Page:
Grounds for Divorce: What Constitutes Acceptable Grounds?

Divorce is only allowed if you can prove that your marriage has irretrievably broken down. To do this you have to provide the court with the reasons that your marriage has ended. The reasons are known as the ‘grounds for divorce’ and there are five types of facts that the courts will accept in divorce proceedings.

Unreasonable Behaviour

You can cite unreasonable behaviour if your husband or wife has behaved so badly that you what is meant by agency by ‘estoppel’? can not live together any longer. Unreasonable behaviour might be considered to be;

Being physically what is legal aid used for violent to you

Being verbally abusive toward you

Being unaffectionate or inattentive toward you

Not allowing you to leave the house

Giving reason for you to believe that they are having an affair

Adultery

You can claim adultery as a reason for divorce if you can claim (and prove) that your partner has chosen to be sexually active with someone else. The nature of choice is very important here as adultery is deemed to be only sexual activity that you have wilfully chosen to indulge in and so having been raped does not count as being adulterous. Adultery can only be used as a reason for divorce if the following three points apply:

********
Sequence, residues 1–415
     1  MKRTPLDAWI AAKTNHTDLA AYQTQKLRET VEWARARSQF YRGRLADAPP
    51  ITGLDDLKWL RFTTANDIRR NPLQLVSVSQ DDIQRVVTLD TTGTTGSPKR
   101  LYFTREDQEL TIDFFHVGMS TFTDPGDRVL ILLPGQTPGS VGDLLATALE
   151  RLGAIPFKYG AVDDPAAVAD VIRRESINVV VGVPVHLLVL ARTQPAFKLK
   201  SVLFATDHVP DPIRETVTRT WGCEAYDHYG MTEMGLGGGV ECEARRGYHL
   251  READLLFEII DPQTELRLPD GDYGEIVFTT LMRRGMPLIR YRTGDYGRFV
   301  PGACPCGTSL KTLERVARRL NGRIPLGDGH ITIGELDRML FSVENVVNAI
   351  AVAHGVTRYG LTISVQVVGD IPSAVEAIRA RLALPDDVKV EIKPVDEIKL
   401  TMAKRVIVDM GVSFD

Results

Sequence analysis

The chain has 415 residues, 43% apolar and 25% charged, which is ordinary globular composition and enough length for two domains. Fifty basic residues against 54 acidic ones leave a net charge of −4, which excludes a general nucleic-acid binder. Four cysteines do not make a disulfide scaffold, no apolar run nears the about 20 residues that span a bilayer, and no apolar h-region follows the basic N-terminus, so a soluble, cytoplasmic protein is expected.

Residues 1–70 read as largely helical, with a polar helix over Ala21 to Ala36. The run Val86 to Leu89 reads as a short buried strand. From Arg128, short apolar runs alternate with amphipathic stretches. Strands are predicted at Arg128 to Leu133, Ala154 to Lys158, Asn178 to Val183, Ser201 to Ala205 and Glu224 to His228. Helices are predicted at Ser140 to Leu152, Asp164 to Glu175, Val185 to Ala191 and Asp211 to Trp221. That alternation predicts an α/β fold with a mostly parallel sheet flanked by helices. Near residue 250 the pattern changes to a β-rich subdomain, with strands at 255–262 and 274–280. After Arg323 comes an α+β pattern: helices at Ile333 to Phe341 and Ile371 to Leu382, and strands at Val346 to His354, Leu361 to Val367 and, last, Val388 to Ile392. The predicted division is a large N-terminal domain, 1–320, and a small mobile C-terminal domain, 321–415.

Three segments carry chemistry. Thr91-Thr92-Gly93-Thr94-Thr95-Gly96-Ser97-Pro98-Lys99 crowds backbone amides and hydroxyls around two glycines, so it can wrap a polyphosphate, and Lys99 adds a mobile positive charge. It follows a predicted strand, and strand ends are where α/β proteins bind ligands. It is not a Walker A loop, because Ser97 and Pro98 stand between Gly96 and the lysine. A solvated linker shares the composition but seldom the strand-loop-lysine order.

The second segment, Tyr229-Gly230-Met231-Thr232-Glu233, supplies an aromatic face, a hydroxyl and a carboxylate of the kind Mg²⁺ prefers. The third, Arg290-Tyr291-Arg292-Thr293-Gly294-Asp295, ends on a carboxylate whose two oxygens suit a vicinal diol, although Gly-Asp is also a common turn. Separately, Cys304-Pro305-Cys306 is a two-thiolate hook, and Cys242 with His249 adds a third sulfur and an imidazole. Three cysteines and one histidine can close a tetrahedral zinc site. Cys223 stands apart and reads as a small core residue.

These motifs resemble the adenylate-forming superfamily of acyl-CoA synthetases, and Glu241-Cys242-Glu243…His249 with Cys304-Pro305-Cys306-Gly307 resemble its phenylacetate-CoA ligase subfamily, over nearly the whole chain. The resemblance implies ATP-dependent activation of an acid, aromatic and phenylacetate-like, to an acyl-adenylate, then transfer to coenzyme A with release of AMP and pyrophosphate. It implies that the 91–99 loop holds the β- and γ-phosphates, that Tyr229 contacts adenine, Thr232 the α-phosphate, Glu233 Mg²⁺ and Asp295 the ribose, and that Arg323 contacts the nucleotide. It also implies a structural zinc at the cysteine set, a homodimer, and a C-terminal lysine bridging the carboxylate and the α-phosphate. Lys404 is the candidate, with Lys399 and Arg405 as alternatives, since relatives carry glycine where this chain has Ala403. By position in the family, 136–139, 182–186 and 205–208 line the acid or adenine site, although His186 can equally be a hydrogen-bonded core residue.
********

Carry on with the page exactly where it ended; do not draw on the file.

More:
Your partner has committed adultery as per the definition

You have chosen that you do not want to carry on living together

Your decision to no longer live together happened within six months of the adultery happening or of you finding out about it

READ  Settlements for Children

Desertion

Desertion is claimed as a reason for divorce in those circumstances when your partner has left you. To claim desertion as ground for divorce you must prove that your partner has left either;

Without your agreement

Without good reason

For longer than two years in the last two and half years

With the intent of ‘deserting’ you (or trying to end the relationship with you).

Living separately for more than five years

If you and you partner have lived apart for more than five years then you can apply for divorce on the grounds having lived separately for more than five years. In these circumstances can apply for divorce without your partner’s agreement

Living separately for more than two years with agreement on both sides

If you and your partner have lived apart for more than two years then you can apply for divorce on the grounds that you have lived separately for more than two years, so long as you both agree on the divorce. There must be a mutual agreement for the divorce.

Once you have decided on the grounds for divorce that best suit your circumstances you can file for divorce with a divorce court.